As prices of basic commodities continue to increase, the Department of Labor and Employment (DOLE) has ordered a review for a possible minimum wage increase next year.
According to Labor Secretary Bienvenido Laguesma, the Regional Tripartite Wage and Productivity Boards are obligated to conduct a review to “keep pace with whatever developments in the work sector.”
The DOLE has started to pitch the idea to the private sector regarding the issue. However, he noted that minimum wage adjustments could be implemented only once a year.
The last wage hikes were granted in 14 regions in June this year.
Increasing the daily take-home pay of minimum wage earners will be a “very tough balancing act,” Laguesma told ABS-CBN News, as small businesses are still reeling from the effects of the COVID-19 pandemic.
The DOLE chief said a possible wage increase may also have an adverse effect on the labor market.
Inflation hit 7.7 percent in October, which is the highest in nearly 14 years, largely due to higher food and transport costs. In September, around 2.5 million Filipinos are unemployed.
Senator Risa Hontiveros, meanwhile, said Malacanang should work more closely with lawmakers for new laws and policies to increase workers’ wages and accelerate job creation across the country.
These moves, she said, will help Filipinos cope with runaway inflation.
While she welcomes the wage review order of the DOLE, the opposition senator emphasized that new laws on raising workers’ pay and speeding up the creation of gainful livelihood should be part of the new Common Legislative Agenda (CLA).
CLA bills are measures identified by both Malacanang and members of Congress as priority legislation via the Legislative-Executive Development Advisory Council (LEDAC).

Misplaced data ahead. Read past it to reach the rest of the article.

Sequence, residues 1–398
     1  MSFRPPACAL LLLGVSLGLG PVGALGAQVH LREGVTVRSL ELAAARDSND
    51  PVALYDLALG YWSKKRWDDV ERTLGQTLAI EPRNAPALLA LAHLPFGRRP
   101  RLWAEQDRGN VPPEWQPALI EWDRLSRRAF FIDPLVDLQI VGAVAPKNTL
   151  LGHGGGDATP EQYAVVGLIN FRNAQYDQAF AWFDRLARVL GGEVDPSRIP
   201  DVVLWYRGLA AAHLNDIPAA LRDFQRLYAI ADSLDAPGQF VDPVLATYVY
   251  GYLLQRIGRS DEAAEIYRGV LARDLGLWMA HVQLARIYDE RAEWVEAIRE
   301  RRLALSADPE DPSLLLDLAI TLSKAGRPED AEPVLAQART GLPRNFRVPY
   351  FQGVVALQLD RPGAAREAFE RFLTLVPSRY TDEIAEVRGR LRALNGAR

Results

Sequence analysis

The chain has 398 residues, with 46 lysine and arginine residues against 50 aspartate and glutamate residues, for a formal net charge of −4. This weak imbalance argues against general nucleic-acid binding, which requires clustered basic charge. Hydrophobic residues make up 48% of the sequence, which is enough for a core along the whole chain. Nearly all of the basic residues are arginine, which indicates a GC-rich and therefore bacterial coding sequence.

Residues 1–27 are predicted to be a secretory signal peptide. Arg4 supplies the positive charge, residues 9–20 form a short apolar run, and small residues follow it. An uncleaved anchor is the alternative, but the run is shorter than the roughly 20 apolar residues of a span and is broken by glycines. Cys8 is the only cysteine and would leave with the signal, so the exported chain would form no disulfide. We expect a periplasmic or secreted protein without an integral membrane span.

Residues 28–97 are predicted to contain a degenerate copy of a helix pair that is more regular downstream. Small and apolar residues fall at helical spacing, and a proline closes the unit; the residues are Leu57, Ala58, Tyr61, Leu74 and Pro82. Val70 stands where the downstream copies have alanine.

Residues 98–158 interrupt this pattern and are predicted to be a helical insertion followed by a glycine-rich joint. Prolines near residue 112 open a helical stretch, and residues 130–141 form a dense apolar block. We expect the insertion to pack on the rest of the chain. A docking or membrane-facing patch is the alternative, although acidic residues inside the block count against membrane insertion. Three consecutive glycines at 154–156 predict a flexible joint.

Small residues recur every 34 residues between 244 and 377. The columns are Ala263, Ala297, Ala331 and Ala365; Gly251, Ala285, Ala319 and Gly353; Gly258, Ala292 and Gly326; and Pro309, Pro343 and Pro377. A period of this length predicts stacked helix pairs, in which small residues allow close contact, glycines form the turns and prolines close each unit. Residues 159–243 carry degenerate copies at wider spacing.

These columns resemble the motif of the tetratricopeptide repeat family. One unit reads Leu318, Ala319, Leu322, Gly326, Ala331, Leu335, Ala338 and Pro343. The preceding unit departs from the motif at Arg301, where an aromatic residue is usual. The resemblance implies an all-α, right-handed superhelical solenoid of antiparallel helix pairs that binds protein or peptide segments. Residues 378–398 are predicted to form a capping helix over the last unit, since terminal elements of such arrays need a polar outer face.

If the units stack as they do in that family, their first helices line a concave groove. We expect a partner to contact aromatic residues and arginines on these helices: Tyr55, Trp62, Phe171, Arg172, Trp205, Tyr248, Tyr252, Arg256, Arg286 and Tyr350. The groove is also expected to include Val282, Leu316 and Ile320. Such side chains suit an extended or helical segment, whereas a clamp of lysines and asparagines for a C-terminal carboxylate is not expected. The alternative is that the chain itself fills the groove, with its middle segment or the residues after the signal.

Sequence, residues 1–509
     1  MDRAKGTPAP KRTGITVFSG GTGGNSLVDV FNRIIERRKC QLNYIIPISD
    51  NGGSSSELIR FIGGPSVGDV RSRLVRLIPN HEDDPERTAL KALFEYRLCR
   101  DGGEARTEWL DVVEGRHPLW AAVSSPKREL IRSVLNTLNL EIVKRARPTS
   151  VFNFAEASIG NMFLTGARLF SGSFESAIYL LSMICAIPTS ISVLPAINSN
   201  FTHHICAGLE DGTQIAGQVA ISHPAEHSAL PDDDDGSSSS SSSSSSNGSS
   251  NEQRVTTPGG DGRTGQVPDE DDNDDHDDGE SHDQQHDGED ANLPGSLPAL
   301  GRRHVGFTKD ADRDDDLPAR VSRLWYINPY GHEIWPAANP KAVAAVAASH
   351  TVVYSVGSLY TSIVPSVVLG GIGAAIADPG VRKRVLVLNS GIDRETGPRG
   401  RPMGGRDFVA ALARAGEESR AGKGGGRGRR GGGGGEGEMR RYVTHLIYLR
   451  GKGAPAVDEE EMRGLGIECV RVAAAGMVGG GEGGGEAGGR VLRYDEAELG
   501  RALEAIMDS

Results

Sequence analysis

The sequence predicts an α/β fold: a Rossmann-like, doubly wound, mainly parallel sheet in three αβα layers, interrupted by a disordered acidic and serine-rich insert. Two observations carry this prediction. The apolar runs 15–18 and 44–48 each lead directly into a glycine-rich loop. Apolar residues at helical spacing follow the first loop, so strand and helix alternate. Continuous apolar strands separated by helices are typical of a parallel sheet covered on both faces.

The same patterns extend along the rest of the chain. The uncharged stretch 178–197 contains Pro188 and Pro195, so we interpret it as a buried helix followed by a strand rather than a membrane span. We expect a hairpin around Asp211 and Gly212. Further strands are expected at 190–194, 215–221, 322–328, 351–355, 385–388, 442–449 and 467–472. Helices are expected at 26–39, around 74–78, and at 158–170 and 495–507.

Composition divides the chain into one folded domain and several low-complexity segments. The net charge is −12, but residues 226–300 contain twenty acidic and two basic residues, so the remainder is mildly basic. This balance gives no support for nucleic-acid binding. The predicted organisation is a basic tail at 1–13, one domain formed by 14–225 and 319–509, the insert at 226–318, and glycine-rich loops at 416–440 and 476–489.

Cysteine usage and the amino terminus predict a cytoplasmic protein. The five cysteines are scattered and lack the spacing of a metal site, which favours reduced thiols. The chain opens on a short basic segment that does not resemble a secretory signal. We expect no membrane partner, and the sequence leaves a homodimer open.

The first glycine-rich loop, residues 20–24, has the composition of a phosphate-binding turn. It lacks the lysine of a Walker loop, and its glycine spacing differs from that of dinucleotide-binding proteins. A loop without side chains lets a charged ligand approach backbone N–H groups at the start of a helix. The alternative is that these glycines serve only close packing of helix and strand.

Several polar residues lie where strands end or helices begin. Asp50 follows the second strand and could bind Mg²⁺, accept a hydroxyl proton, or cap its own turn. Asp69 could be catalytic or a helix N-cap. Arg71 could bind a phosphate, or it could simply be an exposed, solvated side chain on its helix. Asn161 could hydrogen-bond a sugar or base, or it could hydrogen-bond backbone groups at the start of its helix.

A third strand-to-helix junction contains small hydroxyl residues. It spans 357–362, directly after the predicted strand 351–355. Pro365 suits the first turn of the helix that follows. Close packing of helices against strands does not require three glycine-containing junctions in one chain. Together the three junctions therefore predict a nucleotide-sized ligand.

Hontiveros said everyone is affected by inflation, but its worst effects are felt the most by low-wage earners, as well as freelance workers, or those who have lost their jobs or livelihood.
“The wages of workers should be increased. We must be more active in the creation of jobs in the entire country,” she also said.
Swift government response on those issues, the senator stated, is needed, through new laws or executive issuances.
Hontiveros explained that including wage hikes and job creation as part of the priority legislative agenda of the LEDAC ensures that these policy issues will receive immediate government attention and action.
She pointed out that the existing list of around 30 priority bills, as identified in a LEDAC meeting last October, does not include any new proposed laws that will directly raise workers’ pay or foster job creation.
In addition, Hontiveros said that government should also study the implications of proposed wage hikes on the situation of millions of workers in the micro, small and medium enterprises (MSMEs) sector, who are excluded by existing laws from the coverage of minimum wage regulations.
The senator added that while the unemployment rate dropped to 5% in September, the latest labor force survey showed a higher underemployment rate of 15.4%. Macon Ramos-Araneta